4. I haven’t seen a breakdown of net fiscal contributions from different parts of the county, but it’d be interesting to look at. I do know that most of the 40 road projects in the county’s current capital investment plan, at a cost of over $800 million, are in the eastern part of the county. And most of the $266 million budget for new schools is also going to the east. We’re not going be covering that billion dollar bill with increased real estate taxes on a few hundred farmers in the west. Of course, if we allow Purcellville to grow into another Ashburn, we’ll be looking at another billion dollar plus bill for more roads and schools, which would soak up all the additional real estate revenues and more. The slightly good news is that the Board of Supervisors is doing what it can to reduce reliance on residential real estate taxes and increase the contribution from commercial taxes (including from the data centers).

      If you’d like to check my numbers, the CIP is posted on the County website at: https://www.loudoun.gov/DocumentCenter/View/128137/FY-2018-Adopted-Volume-Two

  • 2019-02-01 at 12:41 pm

    Mr. Ellis lays out the benefits the PDR program specifically, and other farmland preservation programs in general.
    First, if enacting the PDR program hypothetically would make our taxes go up, why do our neighbors in Clarke and Fauquier who have such programs pay less in taxes? The small investment up front in protecting land through the PDR program pays back in spades over the long term in less taxes to support the capital costs and long term service costs in perpetuity for new development.
    On the topic of why do we need PDRs, TDRs, or other farmland conservation programs if we have Land Use Taxation. The issue is that land can be taken out of the Land Use Assessment program at any time, and likewise the Land Use program only effects the value of the land (which demands few services) and not the residence, farm structures, well, septic, garages, etc. These are taxed at the residential rate regardless of whether the property is in the Land Use Tax program or not.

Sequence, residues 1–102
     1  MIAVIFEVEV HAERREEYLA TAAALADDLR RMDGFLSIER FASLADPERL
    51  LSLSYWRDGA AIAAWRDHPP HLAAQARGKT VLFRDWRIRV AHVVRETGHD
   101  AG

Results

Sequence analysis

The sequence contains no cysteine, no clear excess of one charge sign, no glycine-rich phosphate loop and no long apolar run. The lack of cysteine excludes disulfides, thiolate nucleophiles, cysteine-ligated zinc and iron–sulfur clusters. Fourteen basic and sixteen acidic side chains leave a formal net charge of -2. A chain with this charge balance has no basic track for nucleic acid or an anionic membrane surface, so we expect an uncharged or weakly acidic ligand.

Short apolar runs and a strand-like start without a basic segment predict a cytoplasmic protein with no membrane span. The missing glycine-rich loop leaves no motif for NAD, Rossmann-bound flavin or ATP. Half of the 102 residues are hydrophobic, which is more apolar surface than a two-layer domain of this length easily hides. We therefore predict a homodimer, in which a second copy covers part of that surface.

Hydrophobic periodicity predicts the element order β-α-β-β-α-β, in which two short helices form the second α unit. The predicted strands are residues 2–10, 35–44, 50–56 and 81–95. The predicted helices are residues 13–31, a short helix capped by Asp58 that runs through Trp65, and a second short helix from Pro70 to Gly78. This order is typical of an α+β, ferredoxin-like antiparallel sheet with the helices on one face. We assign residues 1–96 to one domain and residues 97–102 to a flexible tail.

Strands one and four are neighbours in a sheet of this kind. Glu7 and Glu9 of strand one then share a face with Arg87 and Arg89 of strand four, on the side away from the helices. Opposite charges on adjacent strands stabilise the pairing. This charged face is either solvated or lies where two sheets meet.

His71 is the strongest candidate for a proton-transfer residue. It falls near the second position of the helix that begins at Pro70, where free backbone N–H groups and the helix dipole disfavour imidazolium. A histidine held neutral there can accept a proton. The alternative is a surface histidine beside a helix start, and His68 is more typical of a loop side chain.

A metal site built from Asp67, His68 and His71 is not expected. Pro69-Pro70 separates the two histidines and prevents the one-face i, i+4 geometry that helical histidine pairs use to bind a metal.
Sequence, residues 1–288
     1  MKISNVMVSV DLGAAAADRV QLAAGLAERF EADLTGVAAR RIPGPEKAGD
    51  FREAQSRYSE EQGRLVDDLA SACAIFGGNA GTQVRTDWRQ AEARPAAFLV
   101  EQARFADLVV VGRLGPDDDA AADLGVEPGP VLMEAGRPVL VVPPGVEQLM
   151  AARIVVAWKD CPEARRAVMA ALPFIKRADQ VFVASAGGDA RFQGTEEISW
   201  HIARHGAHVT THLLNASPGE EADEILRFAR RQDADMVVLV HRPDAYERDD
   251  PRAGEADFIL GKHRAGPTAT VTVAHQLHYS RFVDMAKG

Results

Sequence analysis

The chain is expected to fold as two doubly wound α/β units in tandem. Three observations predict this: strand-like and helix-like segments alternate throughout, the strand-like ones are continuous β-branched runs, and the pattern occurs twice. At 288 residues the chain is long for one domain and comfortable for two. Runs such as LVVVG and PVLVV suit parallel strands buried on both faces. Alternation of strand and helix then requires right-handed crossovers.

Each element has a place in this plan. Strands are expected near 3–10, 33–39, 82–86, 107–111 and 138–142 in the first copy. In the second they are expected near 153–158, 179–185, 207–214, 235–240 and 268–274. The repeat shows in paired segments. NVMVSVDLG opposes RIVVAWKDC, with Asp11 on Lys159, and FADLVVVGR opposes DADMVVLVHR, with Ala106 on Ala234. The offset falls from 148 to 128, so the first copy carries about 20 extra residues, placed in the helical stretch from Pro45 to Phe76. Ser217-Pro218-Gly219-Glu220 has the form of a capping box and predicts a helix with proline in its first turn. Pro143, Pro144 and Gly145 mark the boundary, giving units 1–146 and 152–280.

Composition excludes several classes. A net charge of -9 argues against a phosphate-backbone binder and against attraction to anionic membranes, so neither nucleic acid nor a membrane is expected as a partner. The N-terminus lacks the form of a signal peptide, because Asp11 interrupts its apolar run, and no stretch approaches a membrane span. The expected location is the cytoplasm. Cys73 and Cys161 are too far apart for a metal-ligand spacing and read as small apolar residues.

No residential development pays for itself in taxes whether its in the suburban policy area or the rural policy area. Ag land, even at the reduced tax rate of ag land use, and commercial and industrial zoned areas subsidize the residential zoned properties, even at the relatively high residential tax rates we have here in Loudoun. The generally accepted number is that Residential properties take between $1.26 and $1.62 in services for every $1.00 they pay in taxes. Ag land and commercial come in well under $1.00 in services per $1.00 of taxes paid.
    The benefits of the PDR, TDR, and Conservation Easement programs are the permanency of the programs. That land will be available for agricultural entreprenuers for succeeding generations. This means that even if the land is owned by an independently wealthy person now, when they pass away or sell the property, it will remain farmland, either for the next owner, or for one of the huge percentage of farmers in Loudoun that rely on leased land for their operations.
    The address another issue that the general public can’t enjoy the benefits of the protected farms. Each time someone visits or purchases food from a CSA, direct market operation, or visits a vineyard, brewery, Bed and Breakfast, or event facility that relies on the surrounding farms to draw in visitors, they are gaining direct benefit from the PDR program. Remember, these B&Bs, wineries, and other operations bring huge amounts of tourism tax dollars to the county as well, so, we save once again.